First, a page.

Port Investments in India is key to support global ambition

Ever since COVID, the world has adopted a China +1 strategy, washing off China as the centre of world’s supply chains. This has brought in the spotlight on India, Vietnam, Thailand, and Bangladesh who are now competing to be the preferred alternatives to the global supply chains.

While Vietnam is topping the list of preferred alternatives, India is quite bullish to top the list. The centre is working aggressively to develop the nations capability and make India a preferred Investment destination. In order to do so, the PM in 2021, announced that India will invest USD 82 billion (or INR 6 trillion) in port projects – an industry that has a significant impact on national integration into the global economy – by 2035.

To develop the 7,500-km coastline of India, the Ministry of Ports, Shipping and Waterways has drawn up a list of 400 projects with investment potential to the tune of USD 31 billion (or Rs 2.25 trillion). And, more than 574 projects at a cost of USD 82 billion have been identified under the Sagarmala project for implementation between 2030 and 2035.

Moreover, under PM Gatishakti National Master Plan, the government is looking at giving a major push to shipping and port infrastructure through planned upgrades at an estimated cost of around USD 25 billion. And, it has identified 81 public private partnership (PPP) projects worth USD 5.18 billion to develop berths and terminals across major ports by 2024-25.

Although, India has been taking steps towards development, much is still needed to be done in a quick fashion. A testimony to it was the recent disappointment when the world’s largest containerships bypassed its ports, while the neighboring nations like Sri Lanka and Malaysia received visits from Evergreen Line’s new ultra-large containership Ever Alot (225,00 dwt – 24,000 TEU) and her newly introduced sister ships, the ULCVs are skipping India.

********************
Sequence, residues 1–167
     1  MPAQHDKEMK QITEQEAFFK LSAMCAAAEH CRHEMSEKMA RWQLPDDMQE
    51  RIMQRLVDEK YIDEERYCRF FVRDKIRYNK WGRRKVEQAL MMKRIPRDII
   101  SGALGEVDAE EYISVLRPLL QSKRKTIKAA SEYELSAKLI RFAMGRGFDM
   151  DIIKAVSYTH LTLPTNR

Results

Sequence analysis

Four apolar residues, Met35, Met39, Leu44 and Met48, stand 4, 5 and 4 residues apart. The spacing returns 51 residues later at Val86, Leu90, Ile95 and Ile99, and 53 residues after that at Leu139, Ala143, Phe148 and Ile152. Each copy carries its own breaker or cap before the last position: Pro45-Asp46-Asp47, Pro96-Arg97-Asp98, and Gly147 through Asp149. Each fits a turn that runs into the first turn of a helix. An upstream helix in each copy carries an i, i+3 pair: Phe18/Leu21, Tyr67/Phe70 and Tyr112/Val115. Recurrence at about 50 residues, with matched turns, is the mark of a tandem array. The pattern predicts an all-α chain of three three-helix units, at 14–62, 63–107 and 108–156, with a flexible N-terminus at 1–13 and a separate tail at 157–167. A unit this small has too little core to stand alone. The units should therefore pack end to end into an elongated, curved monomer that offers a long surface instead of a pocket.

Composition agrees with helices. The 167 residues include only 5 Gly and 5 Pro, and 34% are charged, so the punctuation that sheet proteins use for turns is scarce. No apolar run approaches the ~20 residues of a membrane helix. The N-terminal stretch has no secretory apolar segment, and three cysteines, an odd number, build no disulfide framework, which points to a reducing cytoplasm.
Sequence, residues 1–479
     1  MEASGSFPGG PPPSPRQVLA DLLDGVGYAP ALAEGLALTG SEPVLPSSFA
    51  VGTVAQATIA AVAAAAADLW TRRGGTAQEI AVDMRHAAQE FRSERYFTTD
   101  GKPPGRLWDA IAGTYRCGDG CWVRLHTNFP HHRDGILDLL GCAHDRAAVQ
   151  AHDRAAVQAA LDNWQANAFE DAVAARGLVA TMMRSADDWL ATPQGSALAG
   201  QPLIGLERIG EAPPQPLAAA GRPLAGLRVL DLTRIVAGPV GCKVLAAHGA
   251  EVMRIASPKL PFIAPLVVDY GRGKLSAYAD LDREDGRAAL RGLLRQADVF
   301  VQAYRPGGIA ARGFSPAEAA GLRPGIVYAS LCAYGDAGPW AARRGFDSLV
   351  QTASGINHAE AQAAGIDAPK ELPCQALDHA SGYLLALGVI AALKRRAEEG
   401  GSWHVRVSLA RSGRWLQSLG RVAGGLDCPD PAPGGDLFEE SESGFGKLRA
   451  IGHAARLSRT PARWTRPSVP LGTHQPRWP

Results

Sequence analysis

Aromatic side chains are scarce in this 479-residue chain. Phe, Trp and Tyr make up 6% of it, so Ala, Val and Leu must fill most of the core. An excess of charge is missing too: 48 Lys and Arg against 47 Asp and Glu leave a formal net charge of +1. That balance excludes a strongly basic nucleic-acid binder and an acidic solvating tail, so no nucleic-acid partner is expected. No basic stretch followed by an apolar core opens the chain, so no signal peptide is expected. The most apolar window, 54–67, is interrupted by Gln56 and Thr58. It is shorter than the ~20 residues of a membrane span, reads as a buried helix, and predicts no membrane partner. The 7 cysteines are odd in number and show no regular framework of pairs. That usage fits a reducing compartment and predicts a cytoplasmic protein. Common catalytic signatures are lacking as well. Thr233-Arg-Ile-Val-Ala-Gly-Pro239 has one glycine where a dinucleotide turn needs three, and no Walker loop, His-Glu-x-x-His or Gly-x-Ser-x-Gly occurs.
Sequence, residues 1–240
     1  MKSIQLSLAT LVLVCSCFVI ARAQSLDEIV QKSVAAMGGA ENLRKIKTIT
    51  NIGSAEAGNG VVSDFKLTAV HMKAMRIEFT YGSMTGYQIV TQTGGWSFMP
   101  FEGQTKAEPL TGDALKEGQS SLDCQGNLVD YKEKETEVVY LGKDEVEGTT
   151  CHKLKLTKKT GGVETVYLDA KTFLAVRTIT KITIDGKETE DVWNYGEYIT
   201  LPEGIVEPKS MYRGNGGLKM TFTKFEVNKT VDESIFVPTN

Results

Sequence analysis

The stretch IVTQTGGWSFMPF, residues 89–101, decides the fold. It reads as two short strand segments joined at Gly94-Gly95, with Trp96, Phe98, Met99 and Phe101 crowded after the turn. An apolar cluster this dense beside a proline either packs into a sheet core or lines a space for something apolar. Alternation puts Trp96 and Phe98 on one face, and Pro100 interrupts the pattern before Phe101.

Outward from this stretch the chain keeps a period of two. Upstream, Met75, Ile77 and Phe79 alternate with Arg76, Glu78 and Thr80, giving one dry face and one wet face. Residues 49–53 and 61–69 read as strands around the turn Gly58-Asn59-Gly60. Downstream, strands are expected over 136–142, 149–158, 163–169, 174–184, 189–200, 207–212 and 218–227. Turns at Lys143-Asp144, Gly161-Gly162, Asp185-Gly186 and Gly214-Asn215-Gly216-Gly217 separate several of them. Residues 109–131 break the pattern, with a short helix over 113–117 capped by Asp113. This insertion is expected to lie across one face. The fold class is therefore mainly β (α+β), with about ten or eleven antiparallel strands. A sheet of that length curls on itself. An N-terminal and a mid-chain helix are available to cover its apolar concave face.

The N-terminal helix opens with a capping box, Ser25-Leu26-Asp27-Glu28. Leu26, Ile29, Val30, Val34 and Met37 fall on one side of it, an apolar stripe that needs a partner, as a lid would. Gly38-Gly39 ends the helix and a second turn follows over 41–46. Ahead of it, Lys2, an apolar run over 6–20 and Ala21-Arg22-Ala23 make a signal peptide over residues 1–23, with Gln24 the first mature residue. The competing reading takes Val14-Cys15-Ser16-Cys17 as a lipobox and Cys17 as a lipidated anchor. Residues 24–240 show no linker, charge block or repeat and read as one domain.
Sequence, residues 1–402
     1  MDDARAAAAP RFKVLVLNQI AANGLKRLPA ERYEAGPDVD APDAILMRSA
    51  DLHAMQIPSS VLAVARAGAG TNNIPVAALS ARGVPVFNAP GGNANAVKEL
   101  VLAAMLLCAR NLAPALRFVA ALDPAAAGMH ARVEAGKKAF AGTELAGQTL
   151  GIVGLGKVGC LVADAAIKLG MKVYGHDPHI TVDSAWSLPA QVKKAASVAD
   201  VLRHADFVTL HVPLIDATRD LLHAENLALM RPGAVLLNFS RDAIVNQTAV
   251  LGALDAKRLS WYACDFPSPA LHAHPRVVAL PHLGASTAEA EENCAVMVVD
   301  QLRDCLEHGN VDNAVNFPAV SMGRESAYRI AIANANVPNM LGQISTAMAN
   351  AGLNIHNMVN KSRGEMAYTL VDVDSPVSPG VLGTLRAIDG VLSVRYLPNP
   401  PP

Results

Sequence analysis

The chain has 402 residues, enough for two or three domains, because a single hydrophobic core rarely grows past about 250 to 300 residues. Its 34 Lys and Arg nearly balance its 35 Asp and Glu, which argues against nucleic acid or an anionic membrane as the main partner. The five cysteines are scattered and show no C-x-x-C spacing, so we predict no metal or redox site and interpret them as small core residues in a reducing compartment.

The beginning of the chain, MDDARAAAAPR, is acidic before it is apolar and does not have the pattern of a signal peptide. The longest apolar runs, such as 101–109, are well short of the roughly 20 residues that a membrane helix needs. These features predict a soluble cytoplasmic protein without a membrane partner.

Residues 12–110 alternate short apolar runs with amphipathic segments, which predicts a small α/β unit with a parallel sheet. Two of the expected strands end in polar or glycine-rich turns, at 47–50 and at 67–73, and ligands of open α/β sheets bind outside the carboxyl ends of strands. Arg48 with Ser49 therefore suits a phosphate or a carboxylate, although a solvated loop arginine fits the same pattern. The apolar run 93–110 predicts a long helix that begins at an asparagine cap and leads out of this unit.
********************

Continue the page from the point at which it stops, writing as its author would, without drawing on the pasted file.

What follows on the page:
This, recent incident brought out the current state of India’s ports, which is a major hurdle to its ambition of becoming the factory location for the world. Momentous work lies ahead in upgrading Indian maritime hubs into deep-sea ports, something that could disadvantage corporations looking into the Indian market.

A 2022 report by the Reserve Bank of India concurred that the country has poor shipping connectivity, a factor hindering its integration into the global value chain. India scored 34 percent in the global value chain participation index compared to 45.9 percent, the average score for the ASEAN region.

Nonetheless, India is witnessing a growth in intra-regional shipping connections, says UNCTAD in its Maritime Transport Review of 2022. The strengthened connections are emerging in India’s trade with Pakistan, Sri Lanka, China, the Republic of Korea, Malaysia, Saudi Arabia, and the UAE.

Over the last year, Jawaharlal Nehru port and Mundra Port have secured several additional connections facilitated by the ongoing port expansions and upgrades including the launch of dwarf-container train services. Dwarf containers are lower by approximately 25 inches than standard containers giving them a multimodal logistical advantage.

In addition, with the ongoing development of the deep-sea Vizhinjam Port in southern India, liner connectivity is poised to increase. The port has a natural draft of 65 to 80 feet 20 to 24 meters, making it capable to handle bigger vessels.

However, it is clear that much is need to be done, experts believe India will need to invest large sums to expand and modernize its port operations and increase its emphasis on privatization to support its global ambitions.

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